A headteacher has said that Britain's language learning skills are in crisis.
Dr Anthony Seldon, headmaster of private Wellington College, claims that "Great Britain is rapidly becoming little Britain" and relies too heavily on other countries learning and using English.
Dr Seldon's comments come just days after Education Secretary Michael Gove said Britons had a 'perverse pride' in not knowing foreign languages. The Education Secretary said children should be taught other languages from the age of five.
Speaking at a conference of language specialists organised by the Schools Network, Dr Seldon said: "We are facing a crisis in modern languages. As a nation we risk becoming deeply insular and cut off from abroad. In the run-up to the Olympics, and despite being more multi-cultural than ever in our history, Great Britain is rapidly becoming little Britain.
"Our record in language learning is uniquely bad in the developed world. We cannot simply assume the rest of the world will learn English to accommodate us."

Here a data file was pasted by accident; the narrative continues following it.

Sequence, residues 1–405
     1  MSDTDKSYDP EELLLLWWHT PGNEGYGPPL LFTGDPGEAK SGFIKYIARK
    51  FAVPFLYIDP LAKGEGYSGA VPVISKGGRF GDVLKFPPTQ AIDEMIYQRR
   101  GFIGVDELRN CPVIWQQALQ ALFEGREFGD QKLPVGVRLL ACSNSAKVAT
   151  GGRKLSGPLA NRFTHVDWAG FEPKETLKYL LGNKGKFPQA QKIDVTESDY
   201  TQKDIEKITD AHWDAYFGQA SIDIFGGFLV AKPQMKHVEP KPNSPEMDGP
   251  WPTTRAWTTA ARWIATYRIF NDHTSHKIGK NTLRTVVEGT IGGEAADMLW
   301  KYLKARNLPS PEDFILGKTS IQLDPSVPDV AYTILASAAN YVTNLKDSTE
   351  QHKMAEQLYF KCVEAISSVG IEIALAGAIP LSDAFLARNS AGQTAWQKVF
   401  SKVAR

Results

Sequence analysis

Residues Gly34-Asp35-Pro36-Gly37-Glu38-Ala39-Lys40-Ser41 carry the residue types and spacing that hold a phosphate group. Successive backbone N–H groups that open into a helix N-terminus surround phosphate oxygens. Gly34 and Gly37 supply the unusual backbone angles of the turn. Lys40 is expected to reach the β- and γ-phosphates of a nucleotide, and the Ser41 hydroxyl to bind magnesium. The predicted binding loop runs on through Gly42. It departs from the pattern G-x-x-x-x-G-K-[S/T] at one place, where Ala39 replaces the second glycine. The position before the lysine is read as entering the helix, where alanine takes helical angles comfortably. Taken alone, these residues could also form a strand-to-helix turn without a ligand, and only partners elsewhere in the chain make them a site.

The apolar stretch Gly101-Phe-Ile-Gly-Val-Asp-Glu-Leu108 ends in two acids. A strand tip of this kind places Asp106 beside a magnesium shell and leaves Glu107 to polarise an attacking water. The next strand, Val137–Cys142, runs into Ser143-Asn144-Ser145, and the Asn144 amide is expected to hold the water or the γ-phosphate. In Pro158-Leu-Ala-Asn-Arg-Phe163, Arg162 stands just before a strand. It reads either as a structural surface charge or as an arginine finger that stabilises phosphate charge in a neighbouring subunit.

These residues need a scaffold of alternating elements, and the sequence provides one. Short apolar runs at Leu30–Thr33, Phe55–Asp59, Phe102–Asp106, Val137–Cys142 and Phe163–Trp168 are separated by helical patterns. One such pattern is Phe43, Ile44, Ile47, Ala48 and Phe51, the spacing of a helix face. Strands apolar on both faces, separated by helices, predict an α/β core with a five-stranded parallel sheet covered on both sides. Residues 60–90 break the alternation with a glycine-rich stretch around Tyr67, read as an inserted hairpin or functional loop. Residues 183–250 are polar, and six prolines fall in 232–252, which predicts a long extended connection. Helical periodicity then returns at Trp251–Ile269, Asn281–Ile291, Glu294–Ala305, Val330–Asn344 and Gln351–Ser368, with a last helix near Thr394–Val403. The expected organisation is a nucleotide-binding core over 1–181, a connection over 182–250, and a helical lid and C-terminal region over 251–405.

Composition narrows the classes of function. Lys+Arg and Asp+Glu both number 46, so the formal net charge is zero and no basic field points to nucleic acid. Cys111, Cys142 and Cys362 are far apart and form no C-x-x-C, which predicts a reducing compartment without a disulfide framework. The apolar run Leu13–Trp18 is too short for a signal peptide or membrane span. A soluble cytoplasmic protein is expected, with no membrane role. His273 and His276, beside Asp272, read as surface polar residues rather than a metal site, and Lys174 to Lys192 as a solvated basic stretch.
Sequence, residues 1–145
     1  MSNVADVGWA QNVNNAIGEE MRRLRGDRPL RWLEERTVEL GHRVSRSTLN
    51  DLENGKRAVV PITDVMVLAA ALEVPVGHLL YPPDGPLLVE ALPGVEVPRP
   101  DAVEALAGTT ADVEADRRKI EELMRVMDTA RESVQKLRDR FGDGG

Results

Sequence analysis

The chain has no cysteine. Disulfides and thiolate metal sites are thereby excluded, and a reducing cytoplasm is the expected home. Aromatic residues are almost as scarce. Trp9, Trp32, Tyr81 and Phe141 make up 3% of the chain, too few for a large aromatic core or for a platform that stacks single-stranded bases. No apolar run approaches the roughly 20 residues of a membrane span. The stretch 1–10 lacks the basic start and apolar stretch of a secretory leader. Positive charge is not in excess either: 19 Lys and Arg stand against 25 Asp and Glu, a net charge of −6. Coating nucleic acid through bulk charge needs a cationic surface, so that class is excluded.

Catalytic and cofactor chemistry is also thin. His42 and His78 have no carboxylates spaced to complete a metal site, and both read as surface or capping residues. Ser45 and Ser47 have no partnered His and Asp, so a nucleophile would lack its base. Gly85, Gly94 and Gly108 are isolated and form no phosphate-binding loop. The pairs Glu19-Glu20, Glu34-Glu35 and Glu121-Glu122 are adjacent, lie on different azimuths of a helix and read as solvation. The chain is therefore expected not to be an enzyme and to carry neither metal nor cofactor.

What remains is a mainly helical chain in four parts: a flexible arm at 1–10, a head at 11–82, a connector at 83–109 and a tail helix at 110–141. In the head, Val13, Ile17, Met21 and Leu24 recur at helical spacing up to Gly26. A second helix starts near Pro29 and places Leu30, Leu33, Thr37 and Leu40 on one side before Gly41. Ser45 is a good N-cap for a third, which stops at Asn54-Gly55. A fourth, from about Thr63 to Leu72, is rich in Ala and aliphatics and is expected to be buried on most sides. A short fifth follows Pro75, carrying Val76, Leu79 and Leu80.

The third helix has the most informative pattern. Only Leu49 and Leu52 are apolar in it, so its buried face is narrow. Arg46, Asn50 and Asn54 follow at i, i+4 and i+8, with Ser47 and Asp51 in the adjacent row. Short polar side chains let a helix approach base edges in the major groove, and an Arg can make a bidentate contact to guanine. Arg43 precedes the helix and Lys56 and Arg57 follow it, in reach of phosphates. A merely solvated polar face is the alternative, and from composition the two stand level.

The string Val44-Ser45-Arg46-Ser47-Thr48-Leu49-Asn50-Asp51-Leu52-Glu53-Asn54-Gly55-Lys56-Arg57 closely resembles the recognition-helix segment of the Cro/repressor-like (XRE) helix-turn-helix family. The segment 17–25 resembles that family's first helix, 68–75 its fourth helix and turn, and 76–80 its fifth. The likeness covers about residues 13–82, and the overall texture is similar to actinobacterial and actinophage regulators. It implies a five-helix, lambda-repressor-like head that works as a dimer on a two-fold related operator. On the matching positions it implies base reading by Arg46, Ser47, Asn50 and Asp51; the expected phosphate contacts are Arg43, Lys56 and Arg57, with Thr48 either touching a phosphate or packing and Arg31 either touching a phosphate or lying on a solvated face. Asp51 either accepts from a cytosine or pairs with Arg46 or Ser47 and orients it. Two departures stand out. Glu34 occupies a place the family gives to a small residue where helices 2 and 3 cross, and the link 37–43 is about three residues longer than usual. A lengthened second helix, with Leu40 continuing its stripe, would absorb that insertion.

"This is a problem for society as much as an issue simply for schools. The perception in schools is that modern languages are hard and it is more difficult to gain good grades at them than in other subjects. We need to change this urgently."
Figures show that students taking modern foreign language GSCEs are in huge decline, with this summer's exams results showing students sitting French papers were down 13.2% from last year and 28.8% over the past five years, whilst the number taking German was down by 13.2% from last year.
What do you think? Should children be learning a foreign language from five?